What screen readers are - and why they are so important to accessibility testing
Blind people are only one of many groups of people with special needs. Still, to develop and test accessible websites, screen readers are considered the most important addition to a web developer's toolset. But why is that? And what are screen readers anyway?
What are screen readers?
A screen reader is a form of assistive technology which is essential to people who are blind, as well as useful to people who are visually impaired, illiterate, or have a learning disability. Screen readers are software applications that attempt to convey what people with normal eyesight see on a display to their users via non-visual means, like text-to-speech, sound icons, or a Braille device.
Why are they so important?
Screen reader tests are considered the "litmus tests" in the development of accessible user interfaces.
If you say that something is a litmus test of something, you mean that it is an effective and definite way of proving it or measuring it.
So to say, if a website can be read and operated by a screen reader, it can be considered pretty accessible (regarding non-visual aspects). Screen reader compliant websites comply with a lot of requirements that are not only important to visually impaired people, but also to many other groups of people with special needs.
In addition, while modern web browsers are pretty forgiving with malformed website code, screen readers tend to expose such weaknesses like invalid syntax or missing/wrong semantics pitilessly (if you haven't done this yet, go back and read Semantics provide meaning). So they are a good tool to test the overall quality and validity of the code.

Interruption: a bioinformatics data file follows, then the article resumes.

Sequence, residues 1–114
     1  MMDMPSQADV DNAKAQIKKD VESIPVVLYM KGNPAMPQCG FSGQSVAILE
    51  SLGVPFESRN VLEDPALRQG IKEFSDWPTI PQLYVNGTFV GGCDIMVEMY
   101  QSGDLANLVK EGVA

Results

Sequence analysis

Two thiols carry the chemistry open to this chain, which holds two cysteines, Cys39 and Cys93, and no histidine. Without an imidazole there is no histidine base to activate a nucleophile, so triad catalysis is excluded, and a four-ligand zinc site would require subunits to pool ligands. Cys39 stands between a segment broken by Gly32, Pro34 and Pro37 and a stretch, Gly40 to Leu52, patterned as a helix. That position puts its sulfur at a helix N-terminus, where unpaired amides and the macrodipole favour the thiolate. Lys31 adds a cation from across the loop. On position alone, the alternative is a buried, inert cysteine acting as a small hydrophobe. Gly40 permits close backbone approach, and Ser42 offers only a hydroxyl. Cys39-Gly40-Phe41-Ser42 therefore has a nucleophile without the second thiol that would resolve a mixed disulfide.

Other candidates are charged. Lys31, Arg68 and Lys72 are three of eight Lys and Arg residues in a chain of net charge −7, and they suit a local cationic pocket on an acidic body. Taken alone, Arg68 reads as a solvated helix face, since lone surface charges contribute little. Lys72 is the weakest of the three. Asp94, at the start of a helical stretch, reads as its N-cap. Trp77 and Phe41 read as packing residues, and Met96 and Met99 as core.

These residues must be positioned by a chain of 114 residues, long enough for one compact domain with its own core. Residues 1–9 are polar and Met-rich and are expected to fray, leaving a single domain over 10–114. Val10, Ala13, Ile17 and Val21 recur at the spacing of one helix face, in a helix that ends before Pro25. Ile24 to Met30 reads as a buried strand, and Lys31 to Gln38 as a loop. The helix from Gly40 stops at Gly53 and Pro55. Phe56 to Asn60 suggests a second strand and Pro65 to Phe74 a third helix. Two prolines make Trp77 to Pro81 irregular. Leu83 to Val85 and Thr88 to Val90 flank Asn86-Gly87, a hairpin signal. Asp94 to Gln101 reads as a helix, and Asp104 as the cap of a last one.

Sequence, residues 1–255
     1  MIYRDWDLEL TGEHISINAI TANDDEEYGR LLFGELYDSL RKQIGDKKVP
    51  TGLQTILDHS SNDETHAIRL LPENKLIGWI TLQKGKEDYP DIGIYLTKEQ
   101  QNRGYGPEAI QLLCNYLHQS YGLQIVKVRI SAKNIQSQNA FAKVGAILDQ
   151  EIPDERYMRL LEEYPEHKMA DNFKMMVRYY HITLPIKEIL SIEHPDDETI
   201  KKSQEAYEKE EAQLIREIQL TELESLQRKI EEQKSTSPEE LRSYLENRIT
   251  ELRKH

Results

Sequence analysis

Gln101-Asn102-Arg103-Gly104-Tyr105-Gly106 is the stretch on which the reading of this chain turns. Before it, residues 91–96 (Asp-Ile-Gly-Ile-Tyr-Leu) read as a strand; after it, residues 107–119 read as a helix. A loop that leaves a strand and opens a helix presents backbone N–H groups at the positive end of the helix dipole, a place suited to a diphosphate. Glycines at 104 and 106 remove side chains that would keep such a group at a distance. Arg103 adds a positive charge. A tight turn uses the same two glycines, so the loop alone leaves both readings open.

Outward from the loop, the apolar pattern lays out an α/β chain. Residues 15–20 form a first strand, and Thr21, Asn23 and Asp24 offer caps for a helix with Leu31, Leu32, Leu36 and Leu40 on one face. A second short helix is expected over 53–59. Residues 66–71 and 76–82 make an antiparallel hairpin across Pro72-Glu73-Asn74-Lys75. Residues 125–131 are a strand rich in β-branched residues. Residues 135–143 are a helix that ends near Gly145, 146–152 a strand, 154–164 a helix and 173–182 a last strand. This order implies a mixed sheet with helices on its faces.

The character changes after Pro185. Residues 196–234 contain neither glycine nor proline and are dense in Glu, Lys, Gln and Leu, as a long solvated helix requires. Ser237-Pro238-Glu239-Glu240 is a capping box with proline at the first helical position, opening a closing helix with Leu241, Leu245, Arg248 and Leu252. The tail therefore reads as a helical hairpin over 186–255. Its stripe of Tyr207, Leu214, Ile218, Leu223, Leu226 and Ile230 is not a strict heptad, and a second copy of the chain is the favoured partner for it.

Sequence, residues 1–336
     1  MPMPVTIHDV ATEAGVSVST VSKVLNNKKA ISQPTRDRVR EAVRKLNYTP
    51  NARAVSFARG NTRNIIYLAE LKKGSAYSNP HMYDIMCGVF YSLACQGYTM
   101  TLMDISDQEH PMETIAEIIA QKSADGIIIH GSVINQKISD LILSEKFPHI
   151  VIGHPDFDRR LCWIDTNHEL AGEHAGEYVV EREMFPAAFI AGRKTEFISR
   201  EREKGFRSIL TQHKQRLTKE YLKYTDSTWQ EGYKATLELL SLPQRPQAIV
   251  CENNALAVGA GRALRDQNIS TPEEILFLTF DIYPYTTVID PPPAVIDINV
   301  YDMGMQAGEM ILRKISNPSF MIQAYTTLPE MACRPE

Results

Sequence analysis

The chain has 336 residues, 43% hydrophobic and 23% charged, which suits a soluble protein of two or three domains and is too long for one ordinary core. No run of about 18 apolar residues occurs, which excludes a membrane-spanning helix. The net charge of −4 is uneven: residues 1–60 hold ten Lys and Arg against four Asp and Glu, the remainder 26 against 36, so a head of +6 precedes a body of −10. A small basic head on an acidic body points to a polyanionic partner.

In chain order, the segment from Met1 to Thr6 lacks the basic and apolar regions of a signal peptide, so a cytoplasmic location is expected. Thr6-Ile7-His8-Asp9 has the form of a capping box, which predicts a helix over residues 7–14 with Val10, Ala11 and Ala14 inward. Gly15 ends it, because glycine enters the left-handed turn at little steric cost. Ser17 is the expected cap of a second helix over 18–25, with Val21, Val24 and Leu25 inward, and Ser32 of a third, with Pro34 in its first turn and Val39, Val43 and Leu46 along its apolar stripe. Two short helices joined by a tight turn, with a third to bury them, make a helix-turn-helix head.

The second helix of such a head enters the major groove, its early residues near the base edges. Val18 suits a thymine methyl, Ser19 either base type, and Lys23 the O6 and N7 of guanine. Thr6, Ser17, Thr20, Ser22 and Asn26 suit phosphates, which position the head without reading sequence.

Still, there are a few areas that cannot be validated with screen readers and thus need some special attention on their own (mainly visual aspects, such as the usage of colour, contrasts, and some audio and video requirements, just to name a few).
Mobile vs. desktop screen readers
There is various screen reader software available, which can roughly be divided into mobile and desktop applications. Some of them are preinstalled and deeply integrated into the operating system, while others are 3rd party software. Both mobile and desktop screen readers share a lot of their behaviour. Still, they have some fundamental differences.
Mobile screen readers are relatively easy to use. As such, they are predestined for accessibility beginners, and they reveal already a lot of potential accessibility issues.
Desktop screen readers are rather complex to use. As such, they require quite some effort to be handled properly. In the end, they reveal the most potential accessibility issues.
If you want to design modern accessible websites, you won't get around learning how to use screen readers, both mobile and desktop ones. Our guide will be a huge help for this.